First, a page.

Prefabrication does reduce onsite duct bank construction time—with prefabrication, the PVC conduits are spaced properly and ready to go when the site is ready. But the required care, and potential delays, of the concrete pour remain the same for duct bank installation. Labor costs may be the same or more to incorporate the spacers and conduit into modular sub- assemblies that can be handled as larger units. Equipment to handle the modular components must be able to access the trench and place the components into position. Connection of individual conduit joints may be challenging as the conduit is not easily manipulated within the module.
Pre-Cast Duct Banks A Modern Method for Installing Duct Banks
Pre-cast duct banks eliminate many of the hassles of traditional and pre-fabricated duct bank construction methods described above. Pre-cast duct bank sections are produced in a variety of conduit sizes and configurations.
Straight sections are provided in lengths that are easily handled by construction equipment, fork lifts and backhoes commonly on site.
Vertical bends also known as stub ups, can also be provided as pre-cast duct bank sections furnished in a variety of conduit sizes and configurations.
All pre-cast duct bank sections are built under factory-controlled conditions and are delivered to the jobsite ready to be installed.
Pre-cast duct banks allow for new construction techniques that deliver the most viable, reliable, safer, and cost-effective means of installing duct banks. The resulting efficiencies, reduce the cost of labor, reduce the impact of weather, and improve worker safety. The time to construct duct banks can be significantly reduced and with trenchs backfilled immediately after installation allow for quick site access. With pre-cast duct banks, it is not uncommon to install a 500ft long run of 25 conduits (12,500ft of conduit) in less than eight hours.
What Are the Benefits of Pre-Cast Duct Banks?
The time savings and performance assurances brought by pre-cast duct banks are felt across nearly the entire project team, benefiting the design engineer, installation contractor and the project owner.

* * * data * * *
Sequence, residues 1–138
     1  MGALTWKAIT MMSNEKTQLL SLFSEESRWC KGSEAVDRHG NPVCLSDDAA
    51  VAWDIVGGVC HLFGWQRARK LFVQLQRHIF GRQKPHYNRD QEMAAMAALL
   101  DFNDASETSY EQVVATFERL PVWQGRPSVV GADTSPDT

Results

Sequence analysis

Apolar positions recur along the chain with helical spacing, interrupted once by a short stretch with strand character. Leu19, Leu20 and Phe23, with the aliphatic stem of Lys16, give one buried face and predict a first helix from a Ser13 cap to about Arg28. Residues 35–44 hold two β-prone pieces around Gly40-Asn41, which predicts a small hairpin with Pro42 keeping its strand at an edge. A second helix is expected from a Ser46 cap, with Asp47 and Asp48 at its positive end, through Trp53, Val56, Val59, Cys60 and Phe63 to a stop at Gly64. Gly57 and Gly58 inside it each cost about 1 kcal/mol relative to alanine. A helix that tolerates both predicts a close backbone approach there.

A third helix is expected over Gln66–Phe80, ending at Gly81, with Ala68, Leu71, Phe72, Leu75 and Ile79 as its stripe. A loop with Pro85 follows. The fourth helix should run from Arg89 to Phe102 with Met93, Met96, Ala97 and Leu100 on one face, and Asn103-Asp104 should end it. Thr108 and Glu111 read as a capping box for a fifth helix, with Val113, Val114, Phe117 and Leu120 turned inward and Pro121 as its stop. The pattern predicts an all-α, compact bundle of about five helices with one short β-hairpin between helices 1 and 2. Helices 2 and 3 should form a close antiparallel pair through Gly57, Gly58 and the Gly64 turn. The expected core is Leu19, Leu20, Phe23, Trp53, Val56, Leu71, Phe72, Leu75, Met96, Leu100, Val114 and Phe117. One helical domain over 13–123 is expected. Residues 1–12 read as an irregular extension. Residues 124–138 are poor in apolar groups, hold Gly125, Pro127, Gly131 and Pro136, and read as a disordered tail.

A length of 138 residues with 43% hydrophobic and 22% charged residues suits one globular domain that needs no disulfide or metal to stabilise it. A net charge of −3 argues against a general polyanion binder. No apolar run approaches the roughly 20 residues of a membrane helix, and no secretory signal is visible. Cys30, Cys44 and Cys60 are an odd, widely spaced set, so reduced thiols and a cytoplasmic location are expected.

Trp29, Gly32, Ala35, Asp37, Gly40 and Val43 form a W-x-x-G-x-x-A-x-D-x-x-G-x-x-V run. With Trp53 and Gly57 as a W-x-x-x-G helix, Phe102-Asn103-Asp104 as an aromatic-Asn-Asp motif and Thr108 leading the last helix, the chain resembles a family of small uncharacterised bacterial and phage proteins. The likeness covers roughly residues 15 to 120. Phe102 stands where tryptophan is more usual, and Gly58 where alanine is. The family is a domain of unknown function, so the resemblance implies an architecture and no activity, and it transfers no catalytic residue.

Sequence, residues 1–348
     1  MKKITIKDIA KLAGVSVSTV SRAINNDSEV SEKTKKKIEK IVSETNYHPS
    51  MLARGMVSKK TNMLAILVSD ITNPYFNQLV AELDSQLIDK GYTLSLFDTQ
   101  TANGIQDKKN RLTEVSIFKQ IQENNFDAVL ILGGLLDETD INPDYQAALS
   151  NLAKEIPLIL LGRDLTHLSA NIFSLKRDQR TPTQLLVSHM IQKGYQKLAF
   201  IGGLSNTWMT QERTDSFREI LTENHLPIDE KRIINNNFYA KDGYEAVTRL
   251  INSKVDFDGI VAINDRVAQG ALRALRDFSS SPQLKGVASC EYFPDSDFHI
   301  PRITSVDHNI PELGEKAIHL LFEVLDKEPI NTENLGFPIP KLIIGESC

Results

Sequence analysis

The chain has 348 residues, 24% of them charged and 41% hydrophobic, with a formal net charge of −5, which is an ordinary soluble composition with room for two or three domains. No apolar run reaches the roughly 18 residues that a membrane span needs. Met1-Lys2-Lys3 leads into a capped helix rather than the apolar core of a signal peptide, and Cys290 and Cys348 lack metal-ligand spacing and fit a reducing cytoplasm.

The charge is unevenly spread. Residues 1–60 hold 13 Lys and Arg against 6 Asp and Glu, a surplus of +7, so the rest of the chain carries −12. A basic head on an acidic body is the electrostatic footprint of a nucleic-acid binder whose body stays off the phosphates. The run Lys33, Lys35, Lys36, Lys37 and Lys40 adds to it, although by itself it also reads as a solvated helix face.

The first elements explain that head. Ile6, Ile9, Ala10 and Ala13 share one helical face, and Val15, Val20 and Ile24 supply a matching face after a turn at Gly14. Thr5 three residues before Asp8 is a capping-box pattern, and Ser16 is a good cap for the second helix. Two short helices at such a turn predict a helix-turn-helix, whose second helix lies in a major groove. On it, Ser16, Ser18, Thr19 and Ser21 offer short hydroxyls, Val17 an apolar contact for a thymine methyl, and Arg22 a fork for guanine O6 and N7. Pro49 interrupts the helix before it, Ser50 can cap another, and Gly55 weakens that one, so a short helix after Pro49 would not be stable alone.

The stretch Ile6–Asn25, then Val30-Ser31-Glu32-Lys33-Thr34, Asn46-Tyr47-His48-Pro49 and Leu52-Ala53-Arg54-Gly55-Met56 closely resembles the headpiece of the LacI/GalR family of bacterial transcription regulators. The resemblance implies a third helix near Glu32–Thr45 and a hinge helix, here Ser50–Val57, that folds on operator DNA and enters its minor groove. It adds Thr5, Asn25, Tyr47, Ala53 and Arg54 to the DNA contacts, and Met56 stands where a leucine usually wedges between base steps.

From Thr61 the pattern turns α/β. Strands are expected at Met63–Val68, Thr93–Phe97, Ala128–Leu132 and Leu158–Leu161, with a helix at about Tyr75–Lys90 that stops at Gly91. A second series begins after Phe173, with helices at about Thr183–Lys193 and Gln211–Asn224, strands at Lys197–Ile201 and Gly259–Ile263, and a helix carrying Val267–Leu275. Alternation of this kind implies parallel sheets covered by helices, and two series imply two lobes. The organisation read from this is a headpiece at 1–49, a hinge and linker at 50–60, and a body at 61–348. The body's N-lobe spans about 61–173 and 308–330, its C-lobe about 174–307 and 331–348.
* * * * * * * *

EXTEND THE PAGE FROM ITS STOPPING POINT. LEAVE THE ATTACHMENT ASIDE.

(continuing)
For project owners, pre-cast duct banks help reduce overall construction costs while significantly reducing on-site construction time. Plus, the quality assurances provided by factory assembly and robust testing provide peace of mind for long-term performance.
- Faster installation reduces on-site labor needs and costs
- The impact of weather-related delays is reduced so projects can get started when needed, and finish sooner
- Consistent concrete thermal properties improves heat dissipation and performance of underground cables
The use of standard pre-cast duct bank configurations offer designers and installers a “plug and play” solution.
- Standard configurations simplify the design process and enhance flexibility
- Horizontal and vertical stacking of pre-cast duct bank sections allow for larger and more complicated geometries while maintaining the benefits of standardization
- Heavy loading conditions are accommodated without the need to design for supplemental steel reinforcement
Pre-cast duct bank suppliers offer engineering support and assistance with:
- Duct bank configuration and layout review
- Thermal resistivity measurement and test procedures
- Digital design files including pre-cast duct bank components and layout drawings
As skilled labor shortages continue to burden the construction industry, installation strategies that reduce staffing loads and streamline processes are critical to keep projects on track and quality under control. Pre-cast duct bank provides improvement in both areas.
- Fewer workers and less time in the trench reduces opportunity for injury
- Reduces or eliminates the need for specialty craft labor for cast-in-place work, as well as associated form work, steel placement, redi-mix delivery, and curing time
- Pre-cast duct bank sections arrive ready for placement and fully cured yielding a faster installation and quicker backfill to allow above-ground construction to commence sooner, even the same day
- Eliminates hazardous exposure to solvents and epoxies normally required for connecting PVC conduit
- Can be installed in rainy and cold conditions, reducing weather related downtime
- Less roadway downtime and disruption
- Electrical and data lines in service faster